A Case to see Dunkirk in 70mm

 

The film industry is currently going through huge changes.

It is becoming more common for films to be made by and for streaming services such as Netflix or Amazon, and as this happens, big film studios are relying more and more on guaranteed box-office earners such as franchises, reboots and sequels to try and earn the money that is now going to streaming. Thankfully, this Summer brought a few rare movies that defy all these pre-requisites; one of them is Christopher Nolan’s Dunkirk.

This is an article that will attempt to explain to a casual filmgoer why it is worth paying the extra money to see Dunkirk in 70mm at your nearest IMAX. It’s expensive, and truth be told even if you decide to see it in 35mm it is still a fantastic movie; but 70mm does add more to the spectacle.

This is probably the best place to start – the spectacle of Dunkirk. Nolan has proven himself time and again a film director that specializes in making movies with huge cinematic displays and action pieces, be it his Dark Knight trilogy or Inception. But if these are the movies that led to this reputation, it is Dunkirk that cements it.

Dunkirk is not just a film; it’s an experience. I can already feel readers rolling their eyes at this statement but it’s not one made without cause – from the opening frames to the end credits you are completely immersed in the slow-building dread and tension. Nolan works again with longtime collaborator Hans Zimmer, who composes a score that creeps up and frames the general sense of fear and unease in a wartime setting, through soundtrack perfectly encapsulating the sensation that these soldiers could die at any moment. Clearly everyone, especially the sound design and the production crew, did an incredible job putting this film together.

It is worth noting that Dunkirk is not a typical movie, and because of this it won’t be to everyone’s taste. The choice to not follow any one specific character, and to not go particularly in depth with any of the characters we meet (their backstories, wishes, goals, reasons for going into war, who they have back home, etc), is one that though admittedly wouldn’t suit this film, does still create some emotional distance. As it’s about the environment they’re in, not the individuals, we don’t get to know them, (this is emphasised by some interesting editing choices which again will leave some viewers enthralled and others potentially frustrated), but once you accept that this isn’t a film about people, but about an event, it becomes clear Nolan has succeeded in creating a completely immersive cinematic experience.

This doesn’t mean 3D. It was shot on film (Christopher Nolan’s preferred medium), in 65mm, nearly double the size of the regular 35mm films we are used to seeing. Simply making the screen bigger doesn’t sound like it should make such a huge difference but it really does – the wider aspect ratios and the choice to shoot on film means there is greater detail shown in each shot, therefore a more captivating movie where each little detail is perceivable and creates a greater sense of action in the viewer. It is immediately apparent that Nolan made this film with the goal of taking us cinema-goers into a situation that we may have no experience of and making us feel like we’re there.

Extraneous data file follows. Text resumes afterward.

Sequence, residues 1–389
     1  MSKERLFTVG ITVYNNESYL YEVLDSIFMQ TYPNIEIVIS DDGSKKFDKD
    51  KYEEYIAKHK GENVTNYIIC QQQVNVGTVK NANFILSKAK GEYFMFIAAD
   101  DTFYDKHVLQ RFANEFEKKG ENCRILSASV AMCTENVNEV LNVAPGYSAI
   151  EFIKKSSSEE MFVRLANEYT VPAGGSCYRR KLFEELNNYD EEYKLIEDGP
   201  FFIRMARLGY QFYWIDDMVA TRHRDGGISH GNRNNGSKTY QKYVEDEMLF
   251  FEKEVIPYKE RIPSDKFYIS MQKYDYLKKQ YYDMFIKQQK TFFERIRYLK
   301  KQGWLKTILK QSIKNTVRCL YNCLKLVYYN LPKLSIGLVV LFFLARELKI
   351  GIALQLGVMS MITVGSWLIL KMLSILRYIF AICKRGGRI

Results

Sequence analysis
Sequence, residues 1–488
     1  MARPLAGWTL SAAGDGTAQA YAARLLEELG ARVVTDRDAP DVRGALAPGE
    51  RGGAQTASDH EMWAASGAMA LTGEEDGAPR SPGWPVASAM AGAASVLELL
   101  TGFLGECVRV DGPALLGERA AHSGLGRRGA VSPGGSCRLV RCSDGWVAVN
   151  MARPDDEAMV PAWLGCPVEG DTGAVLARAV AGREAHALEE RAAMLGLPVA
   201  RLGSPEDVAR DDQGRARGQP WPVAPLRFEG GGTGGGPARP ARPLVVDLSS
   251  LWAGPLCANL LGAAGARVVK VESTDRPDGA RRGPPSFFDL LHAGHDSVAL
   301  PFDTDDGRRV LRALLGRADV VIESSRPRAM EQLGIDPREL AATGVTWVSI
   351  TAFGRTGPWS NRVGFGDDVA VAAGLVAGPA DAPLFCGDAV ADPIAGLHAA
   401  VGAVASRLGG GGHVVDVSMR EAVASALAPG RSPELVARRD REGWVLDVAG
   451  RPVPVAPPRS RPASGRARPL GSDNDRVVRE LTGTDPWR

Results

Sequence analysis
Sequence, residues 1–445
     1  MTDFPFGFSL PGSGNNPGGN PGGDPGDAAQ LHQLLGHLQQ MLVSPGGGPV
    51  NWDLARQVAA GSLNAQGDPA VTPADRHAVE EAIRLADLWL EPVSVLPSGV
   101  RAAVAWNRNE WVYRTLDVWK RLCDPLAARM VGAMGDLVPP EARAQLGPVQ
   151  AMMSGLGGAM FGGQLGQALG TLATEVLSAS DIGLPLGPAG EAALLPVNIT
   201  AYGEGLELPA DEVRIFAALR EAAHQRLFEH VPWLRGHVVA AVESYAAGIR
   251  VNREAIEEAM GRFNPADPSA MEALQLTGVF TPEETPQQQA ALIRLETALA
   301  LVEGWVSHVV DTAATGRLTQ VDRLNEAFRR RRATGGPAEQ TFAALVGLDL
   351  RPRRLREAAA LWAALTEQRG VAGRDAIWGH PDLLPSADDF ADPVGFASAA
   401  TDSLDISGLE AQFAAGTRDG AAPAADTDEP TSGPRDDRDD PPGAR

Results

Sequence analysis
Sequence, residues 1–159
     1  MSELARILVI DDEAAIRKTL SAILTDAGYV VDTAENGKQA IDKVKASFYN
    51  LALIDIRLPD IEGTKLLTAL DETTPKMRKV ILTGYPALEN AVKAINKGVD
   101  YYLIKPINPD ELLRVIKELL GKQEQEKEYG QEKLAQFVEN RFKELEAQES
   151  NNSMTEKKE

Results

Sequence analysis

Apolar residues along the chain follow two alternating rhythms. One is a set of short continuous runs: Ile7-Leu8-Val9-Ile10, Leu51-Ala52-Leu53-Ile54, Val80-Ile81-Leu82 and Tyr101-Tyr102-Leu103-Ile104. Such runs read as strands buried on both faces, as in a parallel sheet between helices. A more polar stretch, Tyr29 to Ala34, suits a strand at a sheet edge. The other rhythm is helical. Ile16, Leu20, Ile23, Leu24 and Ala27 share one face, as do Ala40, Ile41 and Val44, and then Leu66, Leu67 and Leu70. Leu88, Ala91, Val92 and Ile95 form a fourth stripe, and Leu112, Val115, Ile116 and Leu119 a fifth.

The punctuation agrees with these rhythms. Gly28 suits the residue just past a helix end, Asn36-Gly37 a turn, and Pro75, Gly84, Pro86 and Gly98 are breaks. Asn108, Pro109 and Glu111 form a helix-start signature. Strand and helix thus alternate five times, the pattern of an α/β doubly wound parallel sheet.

And it is for this reason you should see it in IMAX on 70mm, first and foremost it’s how the director intended it to be seen. Going further than previous filmmakers to ensure that people have an opportunity to see it in this format, (Warner Bros are proudly proclaiming Dunkirk to be the most widely released film on 70mm in 25 years) Nolan not only ensured the release of his film in 70mm, but sent out actual prints of his film to IMAX cinemas to show, a noted difference to other filmmakers who usually compress their movies shot on film to a digital file to be projected.

I believe as a filmgoer that if you are going to spend your hard earned money on a film, it is one that should, like all great art, move you, stay with you, temporarily transport you through great visual storytelling.

Yes, Dunkirk achieves this even in 35mm – but to no-where near the same extent. Dunkirk is a movie that is so epic in scale it deserved to be made in 70mm, and it deserves to be seen in 70mm format.

Dunkirk is not a sequel. Dunkirk is not a franchise. Dunkirk is not a reboot. Dunkirk is a fantastic film that needs box-office support, so that we can have more films that are not sequels, franchises or reboots, and we can fully explore more of the artistry and storytelling in the film industry. This isn’t to say that all these pre-requisites don’t deliver good films – they can. But as superhero fatigue sets in, and we await a reboot of Jumanji, and a Transformers Bumblebee prequel and another four Avatar sequels are currently in the making, we also need more films like Dunkirk.

Whereas previous films would have you pay the same amount of money for a cinematic experience that doesn’t have as much skill or soul behind it, this deserves every penny.

So go to your nearest IMAX with the knowledge that you’re in good hands. Pay for your ticket. Sit back. Relax (in preparation for how non-relaxed the actual film is). And allow yourself to be transported. It’s worth it.

By Elle Jepson